London Biggin Hill Aims To Increase Traffic

EBACE Convention News » 2014
Continued investment in facilities at London Biggin Hill Airport includes planned installation of an all-weather GPS precision approach to enhance accessibility.
May 20, 2014, 3:00 AM

In a recent re-branding, London Biggin Hill Airport hopes “business,” “travel” and “community” will become perceived values of its operations, according to business-development director Robert Walters. A new logo, adorning EBACE Booth 5146, depicts an executive jet silhouette against the background of a Royal Air Force roundel “as a nod” to the airfield’s fame as a Battle of Britain aerodrome in 1940.

Today, more than 60 businesses are housed at Biggin Hill, which claims an unrivaled choice of transport modes–road, rail, or air–for business customers flying into the UK capital city (with London Heliport approximately six minutes away).

The airfield competes for traffic with Farnborough, Luton and Stansted airports–all four are marketed with the “London” prefix (as indeed are the much further afield Oxford and Southend Airports), although only Biggin Hill is inside the city’s M25 orbital motorway.

The rebranding is accompanied by back-office development of business plans to make Biggin “the business airport for London,” said managing director Will Curtis, who was appointed last year after a career in business-aircraft management and charter in the UK, Switzerland and the Gulf with operators such as Goldair, Rizon Jet and Perfect Aviation.

The airport also has introduced customer-service management to integrate executive-handling activity with related passenger and terminal operations. Courtesy and service are seen as key ways to attract regular London business-aircraft operators from competing airports.

“Good” and “not so good” monthly performances in the first quarter of the year have yielded a 3-percent increase in Biggin Hill aircraft movements over 2013’s first three months, according to Walters, who reports a much larger 10-percent growth in heavier aircraft weighing more than 20,000 kg (44,100 pounds). “The mid-size [sector] is not performing as well [and there are also] inconsistent traffic flows that are very hard to predict,” he said.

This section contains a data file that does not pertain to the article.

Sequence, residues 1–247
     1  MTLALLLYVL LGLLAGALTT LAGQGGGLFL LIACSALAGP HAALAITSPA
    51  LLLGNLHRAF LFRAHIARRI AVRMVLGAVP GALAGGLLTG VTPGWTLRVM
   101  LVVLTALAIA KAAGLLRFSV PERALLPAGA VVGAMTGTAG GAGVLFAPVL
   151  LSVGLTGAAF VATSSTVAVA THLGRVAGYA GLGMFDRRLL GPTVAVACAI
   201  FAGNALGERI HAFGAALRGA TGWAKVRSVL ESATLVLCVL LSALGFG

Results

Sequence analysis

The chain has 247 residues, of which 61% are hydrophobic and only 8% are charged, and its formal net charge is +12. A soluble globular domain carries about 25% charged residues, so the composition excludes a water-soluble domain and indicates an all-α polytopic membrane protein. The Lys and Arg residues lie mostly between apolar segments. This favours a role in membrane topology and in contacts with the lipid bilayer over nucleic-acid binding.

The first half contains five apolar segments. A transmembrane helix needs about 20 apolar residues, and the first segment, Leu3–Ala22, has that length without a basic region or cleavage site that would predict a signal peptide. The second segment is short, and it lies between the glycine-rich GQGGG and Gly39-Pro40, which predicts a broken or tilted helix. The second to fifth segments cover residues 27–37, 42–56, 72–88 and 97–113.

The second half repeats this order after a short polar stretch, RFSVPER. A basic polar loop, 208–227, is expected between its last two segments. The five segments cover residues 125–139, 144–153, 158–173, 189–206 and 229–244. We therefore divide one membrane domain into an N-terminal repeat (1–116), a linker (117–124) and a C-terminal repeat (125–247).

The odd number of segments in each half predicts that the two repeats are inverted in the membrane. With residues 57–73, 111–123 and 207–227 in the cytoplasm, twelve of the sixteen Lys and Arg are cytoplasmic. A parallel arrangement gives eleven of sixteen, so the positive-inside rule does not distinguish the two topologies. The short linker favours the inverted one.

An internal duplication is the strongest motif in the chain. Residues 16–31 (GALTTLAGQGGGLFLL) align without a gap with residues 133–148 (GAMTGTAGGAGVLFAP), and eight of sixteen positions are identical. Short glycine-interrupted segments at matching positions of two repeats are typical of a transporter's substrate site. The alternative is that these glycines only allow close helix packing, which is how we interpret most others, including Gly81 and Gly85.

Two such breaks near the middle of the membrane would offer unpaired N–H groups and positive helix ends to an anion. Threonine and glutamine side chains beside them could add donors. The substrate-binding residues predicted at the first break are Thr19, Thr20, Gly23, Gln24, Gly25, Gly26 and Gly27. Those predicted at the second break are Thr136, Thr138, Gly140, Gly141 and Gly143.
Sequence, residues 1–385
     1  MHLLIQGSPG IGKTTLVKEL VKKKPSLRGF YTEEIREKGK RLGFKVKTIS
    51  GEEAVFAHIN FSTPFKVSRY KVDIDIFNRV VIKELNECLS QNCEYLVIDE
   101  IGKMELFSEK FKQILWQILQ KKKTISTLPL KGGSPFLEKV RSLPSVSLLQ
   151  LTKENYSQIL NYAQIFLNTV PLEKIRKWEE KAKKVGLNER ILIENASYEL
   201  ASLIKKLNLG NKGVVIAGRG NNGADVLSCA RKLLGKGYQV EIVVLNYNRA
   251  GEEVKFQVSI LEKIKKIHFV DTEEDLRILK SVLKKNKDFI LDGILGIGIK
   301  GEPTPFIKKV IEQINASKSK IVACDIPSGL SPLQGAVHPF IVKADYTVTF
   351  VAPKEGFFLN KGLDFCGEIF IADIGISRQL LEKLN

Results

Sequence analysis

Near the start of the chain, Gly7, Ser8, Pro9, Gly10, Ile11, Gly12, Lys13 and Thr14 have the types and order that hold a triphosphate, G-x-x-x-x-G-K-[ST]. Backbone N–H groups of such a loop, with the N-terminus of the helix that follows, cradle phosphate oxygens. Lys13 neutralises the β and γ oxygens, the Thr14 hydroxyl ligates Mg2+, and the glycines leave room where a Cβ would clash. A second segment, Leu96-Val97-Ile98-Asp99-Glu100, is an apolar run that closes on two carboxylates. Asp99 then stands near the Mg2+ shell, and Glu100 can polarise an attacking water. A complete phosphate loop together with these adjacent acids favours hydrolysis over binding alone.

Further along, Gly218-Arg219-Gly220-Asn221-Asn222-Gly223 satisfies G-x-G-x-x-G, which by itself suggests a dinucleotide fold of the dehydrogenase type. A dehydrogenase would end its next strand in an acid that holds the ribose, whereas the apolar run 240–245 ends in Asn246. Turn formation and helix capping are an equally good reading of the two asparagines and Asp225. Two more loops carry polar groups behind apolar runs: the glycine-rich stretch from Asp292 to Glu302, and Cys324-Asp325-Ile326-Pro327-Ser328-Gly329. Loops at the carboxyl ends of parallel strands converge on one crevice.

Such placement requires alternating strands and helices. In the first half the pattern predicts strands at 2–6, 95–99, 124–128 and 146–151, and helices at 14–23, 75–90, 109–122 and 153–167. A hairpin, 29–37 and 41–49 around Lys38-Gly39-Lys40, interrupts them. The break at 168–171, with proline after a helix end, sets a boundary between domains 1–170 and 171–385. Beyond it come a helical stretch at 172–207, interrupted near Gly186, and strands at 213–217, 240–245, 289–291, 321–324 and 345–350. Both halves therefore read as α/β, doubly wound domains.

Nevertheless, the airport is seeing “strong” demand for hangar space, with five contracts signed in a recent six-week period. Walters suggests that the arrival of long-range Gulfstream GVIs (G650s) at Biggin Hill has helped to expand the range of available destinations.

Among airport tenants, global network Signature Flight Support recently acquired the Biggin Hill fixed-base operation assets of Jets, which continues to provide aircraft maintenance services and is about to launch an AOG (aircraft-on-ground) engineering team. There are two other FBOs at Biggin Hill: the in-house BQH handling unit, which handles almost 60 percent of flights, and Rizon Jet.

Additional companies include helicopter operator Castle Air, which this month became an AgustaWestland AW139 authorized service center, and RAS Completions, which is approved for Gulfstream painting and refurbishment work. Walters said he hopes resident MRO companies can attract maintenance-approval authorization from Embraer and Gulfstream. Base maintenance is already available for certain Dassault Falcon and Bombardier Global Express and Challenger models.

Continued investment in facilities includes planned installation of an all-weather GPS precision approach to Runway 3, which the airport hopes to see in place by year-end. Officials believe the enhanced accessibility could increase traffic by as much as 10 percent. “We need to lay the foundation for future investment to make the airport as safe and accessible as possible,” said Walters.

As part of Biggin Hill’s strategic development plan, the airport this month launched a customer-relationship management program to enable crew and passengers to comment on facilities and services, while a new Wi-Fi system accessible in the terminal and on the ramp is to be extended later this year to cover the whole airport and capture feedback from all customers and tenants.

Biggin Hill believes it is the first UK business aviation airport to integrate safety- and quality-management systems alongside customer services introduced to comply with European Aviation Safety Agency requirements.

Work also has recommenced on plans to erect a 76-room airport hotel, for which planning permission was obtained five years ago. The airport is looking for hotel operator and funding partners. Finally, with Oxford and another unspecified airport, Biggin Hill has successfully petitioned for judicial review of UK government plans to permit expanded business-aircraft operations at RAF Northolt, a military airfield near London that is not subject to civil-aviation safety requirements.

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